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Bird watching in Washington

Description

While Washington state might be best known for its lush forests and rugged coastline, this northwestern state is far more complex than just ocean and pine. From volcanic peaks and remote lakes to vast marshes, arid valleys and glacier-carved potholes, Washington enjoys the sort of topographical diversity that draws in a good selection of bird species.

A number of notable bird watching spots across the state have been made national wildlife refuges, like Conboy Lake, a nesting site for Greater Sandhill Cranes, and Turnbull, which shelters a Great Blue Heron rookery and many migrating waterfowl. Close to big city, reclaimed land now offers the chance to enjoy surprisingly good urban bird watching, try Union Bay Natural Area for one. And of course, in a state sporting such a royal flush of national parks there is ample opportunity to couple spectacular scenery with birding, whether tackling high elevation meadows on Mount Rainier or wandering through temperate rainforest in Olympic National Park.

Olympic National Park:
Ranging from Old Growth Forest to rugged Pacific Coast via mountain meadows and temperate rainforest, Olympic National Park offers a unique opportunity to enjoy a sampling of the Northwest’s best along with roughly 300 bird species. Watch for the showy male Blue Grouse, spot a Rhinoceros Auklet bobbing through the Strait of Juan de Fuca and keep an eye out for the likes of the Northern Pygmy Owl in Sol Duc Valley as you take in the height and breadth of this outstanding national park.

Mount Rainier National Park:
From mature forests which shelter threatened birds like the Northern Spotted Owl and Marbled Murrelet to subalpine meadows where one might see a Dark-eyed Junco, Hairy Woodpecker or Red Crossbill, the dramatic elevation changes throughout Mount Rainier National Park support a variety of bird life. Bird watching conditions vary widely by season, so take this into account when planning your trip.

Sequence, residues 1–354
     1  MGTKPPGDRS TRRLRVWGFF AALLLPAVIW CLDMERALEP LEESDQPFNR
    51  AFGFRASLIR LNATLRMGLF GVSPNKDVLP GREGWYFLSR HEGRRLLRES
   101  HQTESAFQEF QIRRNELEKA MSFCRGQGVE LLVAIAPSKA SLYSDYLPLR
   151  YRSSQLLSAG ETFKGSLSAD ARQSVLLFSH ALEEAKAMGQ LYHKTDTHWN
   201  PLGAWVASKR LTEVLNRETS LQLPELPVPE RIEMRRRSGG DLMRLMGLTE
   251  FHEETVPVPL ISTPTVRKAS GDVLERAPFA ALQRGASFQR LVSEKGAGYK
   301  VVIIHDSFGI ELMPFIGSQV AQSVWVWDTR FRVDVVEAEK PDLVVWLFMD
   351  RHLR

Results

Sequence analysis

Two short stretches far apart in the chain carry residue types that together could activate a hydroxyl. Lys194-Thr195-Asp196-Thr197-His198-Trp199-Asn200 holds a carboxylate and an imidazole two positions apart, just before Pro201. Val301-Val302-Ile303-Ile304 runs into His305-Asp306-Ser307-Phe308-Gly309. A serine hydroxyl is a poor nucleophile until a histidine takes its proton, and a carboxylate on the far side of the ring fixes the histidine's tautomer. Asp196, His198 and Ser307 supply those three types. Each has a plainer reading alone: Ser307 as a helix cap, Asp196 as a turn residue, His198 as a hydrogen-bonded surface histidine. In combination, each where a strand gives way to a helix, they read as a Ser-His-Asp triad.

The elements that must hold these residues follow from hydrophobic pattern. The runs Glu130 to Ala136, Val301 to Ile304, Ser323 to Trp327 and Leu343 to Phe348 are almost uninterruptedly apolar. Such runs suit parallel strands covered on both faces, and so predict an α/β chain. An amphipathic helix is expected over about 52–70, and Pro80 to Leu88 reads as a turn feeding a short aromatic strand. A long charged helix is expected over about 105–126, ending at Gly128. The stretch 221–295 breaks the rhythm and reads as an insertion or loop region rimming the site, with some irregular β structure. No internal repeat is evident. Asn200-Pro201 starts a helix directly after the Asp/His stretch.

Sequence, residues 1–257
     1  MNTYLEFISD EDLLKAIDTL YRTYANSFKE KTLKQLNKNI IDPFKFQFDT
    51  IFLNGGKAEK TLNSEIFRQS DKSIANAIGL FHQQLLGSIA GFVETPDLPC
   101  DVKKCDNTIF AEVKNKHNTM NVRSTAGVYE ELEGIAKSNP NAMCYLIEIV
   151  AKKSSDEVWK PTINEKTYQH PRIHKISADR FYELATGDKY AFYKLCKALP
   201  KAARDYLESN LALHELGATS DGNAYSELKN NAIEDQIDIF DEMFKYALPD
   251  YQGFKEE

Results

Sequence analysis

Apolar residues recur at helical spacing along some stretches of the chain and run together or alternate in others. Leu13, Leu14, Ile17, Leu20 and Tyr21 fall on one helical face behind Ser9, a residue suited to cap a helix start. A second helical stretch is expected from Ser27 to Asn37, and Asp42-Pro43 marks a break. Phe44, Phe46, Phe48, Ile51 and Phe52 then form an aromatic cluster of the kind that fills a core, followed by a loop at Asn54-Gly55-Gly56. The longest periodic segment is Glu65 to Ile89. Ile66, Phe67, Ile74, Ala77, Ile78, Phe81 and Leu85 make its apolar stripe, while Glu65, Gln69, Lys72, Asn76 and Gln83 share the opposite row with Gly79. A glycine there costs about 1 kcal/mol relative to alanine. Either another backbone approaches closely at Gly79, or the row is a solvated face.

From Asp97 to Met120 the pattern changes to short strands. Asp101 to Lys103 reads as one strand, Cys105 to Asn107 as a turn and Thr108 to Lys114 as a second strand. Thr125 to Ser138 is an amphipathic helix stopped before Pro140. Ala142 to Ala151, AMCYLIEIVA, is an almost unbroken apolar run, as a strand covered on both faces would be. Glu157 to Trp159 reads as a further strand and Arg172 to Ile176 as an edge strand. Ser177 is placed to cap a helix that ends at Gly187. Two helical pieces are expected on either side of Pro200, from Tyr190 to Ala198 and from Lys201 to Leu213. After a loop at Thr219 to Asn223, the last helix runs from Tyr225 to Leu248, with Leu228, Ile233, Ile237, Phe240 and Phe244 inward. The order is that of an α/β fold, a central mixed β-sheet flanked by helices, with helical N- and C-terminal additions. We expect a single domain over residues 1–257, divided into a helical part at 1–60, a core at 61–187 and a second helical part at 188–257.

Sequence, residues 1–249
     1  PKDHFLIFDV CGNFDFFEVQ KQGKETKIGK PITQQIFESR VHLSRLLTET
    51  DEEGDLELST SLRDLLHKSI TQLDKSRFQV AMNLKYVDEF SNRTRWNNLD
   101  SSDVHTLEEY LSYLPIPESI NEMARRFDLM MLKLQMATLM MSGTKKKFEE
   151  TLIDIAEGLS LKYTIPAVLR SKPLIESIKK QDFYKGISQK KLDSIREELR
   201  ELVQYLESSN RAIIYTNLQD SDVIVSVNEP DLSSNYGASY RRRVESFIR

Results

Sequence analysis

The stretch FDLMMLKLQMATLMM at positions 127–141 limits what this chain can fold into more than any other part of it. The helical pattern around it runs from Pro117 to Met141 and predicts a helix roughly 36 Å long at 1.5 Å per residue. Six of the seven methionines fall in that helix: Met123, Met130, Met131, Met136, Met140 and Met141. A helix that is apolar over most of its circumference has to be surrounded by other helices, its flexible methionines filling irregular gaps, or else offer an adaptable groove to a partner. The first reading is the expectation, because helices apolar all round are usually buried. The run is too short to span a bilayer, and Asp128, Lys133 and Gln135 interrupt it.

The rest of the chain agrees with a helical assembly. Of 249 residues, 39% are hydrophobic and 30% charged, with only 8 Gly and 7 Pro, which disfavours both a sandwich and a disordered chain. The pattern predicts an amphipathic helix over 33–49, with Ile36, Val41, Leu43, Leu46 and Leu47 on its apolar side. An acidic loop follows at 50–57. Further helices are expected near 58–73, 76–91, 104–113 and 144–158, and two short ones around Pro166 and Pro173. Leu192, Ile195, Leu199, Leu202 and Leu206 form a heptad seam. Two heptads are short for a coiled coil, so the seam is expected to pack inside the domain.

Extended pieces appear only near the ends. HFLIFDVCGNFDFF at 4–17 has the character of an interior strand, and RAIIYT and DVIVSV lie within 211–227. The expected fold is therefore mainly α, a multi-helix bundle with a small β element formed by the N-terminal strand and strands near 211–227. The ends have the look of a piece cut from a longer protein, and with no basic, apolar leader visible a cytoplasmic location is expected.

Turnbull National Wildlife Refuge:
Not far from Spokane, this national wildlife refuge takes in an expanse of “The Channeled Scablands”, an area pocked with ponds and sloughs but also in places capable of supporting Ponderosa pine forest and steppe habitat. Look for a good range of bird species here, including migrating Tundra Swans, woodpeckers, warblers, Western Meadowlarks, nuthatches and 17 species of waterfowl, even a Great Blue Heron rookery.

Union Bay Natural Area (Seattle):
Despite the congestion that often clogs Seattle’s roadways, it’s relatively easy to track down a bit of wilderness in which to birdwatch at places like Union Bay Natural Area (provided there’s not a UW football game on), which shelters close to 200 recorded species. A former landfill now gone to grassland, marsh and pond, this is a good spot to watch for migrating shorebirds, the Rufous Hummingbird, Yellow-headed Blackbirds and other species; come early morning for the best viewing conditions.

Conboy Lake National Wildlife Refuge:
Set in a transition zone between the arid part of the state and its wetter western half, this marshy national wildlife refuge was founded primarily for migrating waterfowl including swans and Pintail, but there are also a number of shorebirds like Spotted Sandpipers and Kildeer that pass through the area. Also watch for Greater Sandhill Cranes, which nest on the refuge.

Washington Pass:
For a glimpse of mountain birds without the effort of a long hike, drive to the highest point on the North Cascade Highway, Washington Pass. From the parking area access alpine meadow where Mountain Bluebirds and American Pipit nest, or watch for Clark’s Nutcrackers and Red Crossbills hiding in trees along the site’s easy loop trail.

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